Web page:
Using the 10 fetters or "four path model" as a measuring stick, or road map, those things would only be considered attaining “stream entry” at best or and having overcoming the first few 3 fetters, "false Identity view" and so on.

Chaun Zhi: I can't speak for the Theravada tradition. I’m not sure I can speak for any Buddhist "tradition"... They are all so different. I think they have to be taken for what they are independently, and not compared with one another. They each use different paradigms, to lesser or greater degrees. But when one starts looking at the spiritual essence of these different traditions, they all look the same. It’s just when looking at their surface features that they can look so extremely different. Humans and mice look pretty different, but 99% of mouse genes have precise analogues to those of humans ... the fruit fly shares 60% of its DNA with humans. Looks can be pretty deceiving! It’s more illuminating to see commonalities than differences.

I prefer the metaphor of transcendence. We transcend our “fetters” if you will, go beyond them, rather than overcoming them. Overcoming implies a battle of some sort. Transcendence implies letting things fall away naturally … letting go. Transcendence is a natural progression though life. When it ceases, it is unnatural. Consider the infant who cries and tantrums when hungry or thirsty in order to get nourishment. We consider this to be completely acceptable behavior, no? Then he grows into a young child and can talk to request food, or drink, yet he still cries and tantrums because it’s conditioned into him and he knows it works. This is not acceptable behavior anymore. But with time the tantruming falls away by itself and he uses his new skills of speech to request nourishment. We are perpetually in transition, letting go of old behaviors which no longer serve us, and moving on to new ones. When this process stops is when we get stuck, stop developing and growing.

NDM: Do you feel it is possible to overcome the fetters of sensual desire and ill will without being a celibate renunciate and living in a monastery setting? For example if one is a house holder and engaging in sexual activity, will this keep them stuck,or from progressing along the path?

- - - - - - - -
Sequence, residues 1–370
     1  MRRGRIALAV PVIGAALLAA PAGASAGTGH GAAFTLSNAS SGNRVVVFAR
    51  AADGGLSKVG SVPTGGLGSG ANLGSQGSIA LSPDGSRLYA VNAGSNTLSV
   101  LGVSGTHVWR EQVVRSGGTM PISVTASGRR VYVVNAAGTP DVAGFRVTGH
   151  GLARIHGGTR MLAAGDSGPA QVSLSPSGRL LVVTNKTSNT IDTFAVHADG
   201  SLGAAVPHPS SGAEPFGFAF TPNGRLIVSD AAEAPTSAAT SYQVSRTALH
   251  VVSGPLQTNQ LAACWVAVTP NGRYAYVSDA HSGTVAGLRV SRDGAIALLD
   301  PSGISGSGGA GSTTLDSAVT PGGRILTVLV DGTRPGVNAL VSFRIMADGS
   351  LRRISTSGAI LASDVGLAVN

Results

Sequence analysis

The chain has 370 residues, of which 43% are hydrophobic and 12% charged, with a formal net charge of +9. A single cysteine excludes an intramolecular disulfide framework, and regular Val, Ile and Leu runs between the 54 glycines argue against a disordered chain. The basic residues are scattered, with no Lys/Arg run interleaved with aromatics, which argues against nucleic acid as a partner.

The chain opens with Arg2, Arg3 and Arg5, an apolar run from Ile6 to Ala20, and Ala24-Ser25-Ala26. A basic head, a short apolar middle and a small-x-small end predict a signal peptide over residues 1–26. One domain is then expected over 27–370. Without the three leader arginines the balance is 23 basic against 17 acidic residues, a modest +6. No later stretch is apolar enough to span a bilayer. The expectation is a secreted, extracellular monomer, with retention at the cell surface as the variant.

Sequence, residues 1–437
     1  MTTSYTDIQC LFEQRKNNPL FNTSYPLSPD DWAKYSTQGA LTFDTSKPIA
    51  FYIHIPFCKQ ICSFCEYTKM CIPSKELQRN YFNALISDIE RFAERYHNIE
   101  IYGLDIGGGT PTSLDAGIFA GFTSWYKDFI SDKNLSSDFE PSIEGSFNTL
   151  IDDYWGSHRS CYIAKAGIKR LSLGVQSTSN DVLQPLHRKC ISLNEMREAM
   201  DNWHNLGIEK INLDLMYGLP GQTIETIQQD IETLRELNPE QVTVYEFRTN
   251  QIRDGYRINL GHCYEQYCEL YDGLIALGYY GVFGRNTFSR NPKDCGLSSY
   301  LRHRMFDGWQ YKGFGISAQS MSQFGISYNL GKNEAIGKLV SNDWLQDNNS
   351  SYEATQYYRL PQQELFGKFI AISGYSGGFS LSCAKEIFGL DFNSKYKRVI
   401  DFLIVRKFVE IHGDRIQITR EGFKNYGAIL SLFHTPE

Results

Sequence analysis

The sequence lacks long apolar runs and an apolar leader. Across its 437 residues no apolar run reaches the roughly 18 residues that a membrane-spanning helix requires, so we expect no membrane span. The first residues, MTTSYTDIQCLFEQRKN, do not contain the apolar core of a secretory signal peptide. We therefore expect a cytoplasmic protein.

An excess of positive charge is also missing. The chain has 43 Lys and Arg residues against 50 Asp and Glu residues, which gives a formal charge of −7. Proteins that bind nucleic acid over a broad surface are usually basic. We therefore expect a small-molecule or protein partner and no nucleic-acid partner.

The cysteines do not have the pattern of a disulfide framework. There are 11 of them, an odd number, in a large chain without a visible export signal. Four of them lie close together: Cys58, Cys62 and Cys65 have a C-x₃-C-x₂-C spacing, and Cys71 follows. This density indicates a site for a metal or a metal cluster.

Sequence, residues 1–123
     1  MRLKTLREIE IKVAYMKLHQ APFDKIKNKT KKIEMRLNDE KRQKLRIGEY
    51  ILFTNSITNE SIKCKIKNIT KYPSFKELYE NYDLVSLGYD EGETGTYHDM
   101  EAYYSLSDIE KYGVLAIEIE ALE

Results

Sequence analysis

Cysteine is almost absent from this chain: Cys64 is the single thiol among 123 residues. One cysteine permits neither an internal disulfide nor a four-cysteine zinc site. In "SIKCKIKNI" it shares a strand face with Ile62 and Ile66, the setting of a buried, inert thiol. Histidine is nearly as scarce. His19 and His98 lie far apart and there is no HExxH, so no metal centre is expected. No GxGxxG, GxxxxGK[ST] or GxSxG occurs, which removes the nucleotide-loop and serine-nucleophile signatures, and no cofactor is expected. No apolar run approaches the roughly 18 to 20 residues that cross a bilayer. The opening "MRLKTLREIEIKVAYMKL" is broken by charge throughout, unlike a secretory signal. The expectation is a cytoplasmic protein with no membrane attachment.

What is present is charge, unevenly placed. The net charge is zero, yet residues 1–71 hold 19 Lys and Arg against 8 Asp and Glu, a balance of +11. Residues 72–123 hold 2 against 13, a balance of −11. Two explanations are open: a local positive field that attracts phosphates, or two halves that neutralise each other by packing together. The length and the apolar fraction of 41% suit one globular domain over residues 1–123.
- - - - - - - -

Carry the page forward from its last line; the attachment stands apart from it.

Chaun Zhi: It all depends on the person. For some yes, for others, no. The precepts are there to help us focus on the spiritual path and not get sidetracked. An essential ingredient to spiritual growth is detachment. Relations with other people, sexual or otherwise, lead to attachments, but sexual relations usually lead to more intense and complicated relationships. From the Chan point of view, the objective is to identify the desire and then turn it off, not succumb to it. This is what we do with other things too. We train ourselves to not desire by practicing first identifying the desire, then turning it off. Not easy to do, especially for beginners. There has to be a tremendous DESIRE to want to do it!

I have never heard of a Buddhist tradition, at least in the Chinese or Indian traditions, that required celibacy for one to be a Buddhist. Usually one becomes celibate by choice. That’s not necessarily the case however when one rises in “rank” within a Buddhist tradition. Then there is the expectation of celibacy, whether the person is celibate or not.